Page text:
Former deputy prime minister Thokozani Khupe has scoffed at allegations that she is being used by Zanu PF to divide the opposition vote after resisting the creation of an alliance between MDC-T and other parties.
By Nokuthaba Dlamini
Khupe, who is involved in a bitter war for control of the MDC-T with the party’s new leader Nelson Chamisa, told The Standard in an exclusive interview that she was being persecuted for being a principled politician.
The former Makoboba MP is now leading a breakaway party and wants to run for the presidency in elections expected between July and August.
She lost her parliamentary seat last week after the MDC-T notified the National Assembly that she was no longer a member of the party.
Khupe is now trying to challenge her expulsion at the High Court and is also bracing for a legal battle for control of Zimbabwe’s biggest opposition party.
“I am not a Zanu PF supporter and l have never been involved in those things,” she said when asked about allegations that her stance against the MDC Alliance was aiding the ruling party’s designs to remain in power.
“I stand guided by my loyalty to the MDC-T party and such allegations against me are not true.
“l am just being persecuted for speaking the truth.”
Khupe has been accused of frustrating previous efforts to reunify the MDC after it first split in 2005 because of personal differences with former Industry minister Welshman Ncube.
However, the former trade unionist does not see any reason for the reunification or alliances in Matabeleland, saying MDC-T was already strong in the region.
“Talking about reunification and alliances, the reason why in politics you look for an alliance partner is because you would have realised your deficit,” she said.
“We have always been winning [in Matabeleland] since 2000. So when the idea of an alliance came, l said to the [the late] president [Morgan Tsvangirai] this is a very brilliant idea because there is a place where we have not performed well and that’s where we need a partner.”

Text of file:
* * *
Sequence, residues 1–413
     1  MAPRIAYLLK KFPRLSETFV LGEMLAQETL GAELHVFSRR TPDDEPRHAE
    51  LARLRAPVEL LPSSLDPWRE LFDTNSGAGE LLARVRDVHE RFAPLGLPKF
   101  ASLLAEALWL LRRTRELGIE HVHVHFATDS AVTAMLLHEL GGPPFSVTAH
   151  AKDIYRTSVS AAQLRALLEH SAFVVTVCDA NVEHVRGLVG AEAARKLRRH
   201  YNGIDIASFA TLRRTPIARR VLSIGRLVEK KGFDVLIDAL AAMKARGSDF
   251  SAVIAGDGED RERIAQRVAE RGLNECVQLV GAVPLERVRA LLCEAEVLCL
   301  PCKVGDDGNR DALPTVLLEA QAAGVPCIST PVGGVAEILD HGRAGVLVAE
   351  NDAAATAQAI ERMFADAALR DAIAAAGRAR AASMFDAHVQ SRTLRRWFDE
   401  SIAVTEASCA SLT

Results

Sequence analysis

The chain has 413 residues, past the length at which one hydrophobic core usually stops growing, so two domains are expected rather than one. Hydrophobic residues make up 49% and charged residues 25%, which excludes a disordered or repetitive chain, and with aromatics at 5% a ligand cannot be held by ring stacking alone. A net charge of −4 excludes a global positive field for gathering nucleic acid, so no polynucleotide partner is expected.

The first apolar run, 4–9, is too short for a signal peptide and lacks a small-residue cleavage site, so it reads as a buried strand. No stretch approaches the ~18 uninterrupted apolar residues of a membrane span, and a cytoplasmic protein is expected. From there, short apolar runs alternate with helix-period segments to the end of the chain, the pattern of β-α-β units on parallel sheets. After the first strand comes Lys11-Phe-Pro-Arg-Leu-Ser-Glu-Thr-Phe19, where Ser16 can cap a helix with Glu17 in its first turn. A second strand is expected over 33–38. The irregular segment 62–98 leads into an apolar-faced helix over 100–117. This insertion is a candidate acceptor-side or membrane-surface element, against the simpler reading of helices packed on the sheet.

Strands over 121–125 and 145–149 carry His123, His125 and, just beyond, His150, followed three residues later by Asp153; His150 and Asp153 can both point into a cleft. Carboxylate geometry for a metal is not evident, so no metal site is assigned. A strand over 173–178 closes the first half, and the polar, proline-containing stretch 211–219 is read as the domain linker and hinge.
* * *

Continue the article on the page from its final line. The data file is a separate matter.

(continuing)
She said an opposition alliance could only be justified in Mashonaland provinces where the MDC-T had always fared badly against Zanu PF.
“We have been farming and repeating, but there is a land there where we haven’t harvested anything,” Khupe said.
“Let’s look for a partner who is going to farm and harvest, but we combine our harvest.
“My idea was that Mashonaland East, West and Central, we always got 400 to 500 votes.
“Even some of our members did not vote yet others were getting 20 000 votes.
“But look at Matabeleland South for instance, even if we had zero votes in other provinces, we almost doubled all the constituencies and we got 43%. “
Khupe said the trend since 2000 was that Bulawayo, Matabeleland North and South and Harare were MDC-T strongholds.
“That is why the idea of a partner came, but l said to them you cannot come to a territory where l have always won and you replace me with an unknown person, who has always lost and has no structures and expects to win,” she said in apparent reference to Ncube, who leads the MDC and in is now a member of the MDC Alliance.
“That is why I said the formula you are using is a losing formula even though the idea is very good and l am suffering for that,” Khupe added.
She claimed Tsangirai, who died in February after battling cancer of the colon, had relented to her demands to review the MDC Alliance pact.
“The president before he went to South Africa on his last days said to me, you were right we must revisit this thing because I’ve realised that it’s causing confusion,” Khupe said.
“We were in the process of revisiting it to take the document to the national executive, to the national council and up to now that document has never been debated.
“I want an alliance partner who is going to add value to what I have, not somebody who is going to take away what l have and expect me to win. It doesn’t work like that.”
There is speculation that Khupe wants a pact with the People’s Rainbow Coalition led by former vice-president Joice Mujuru.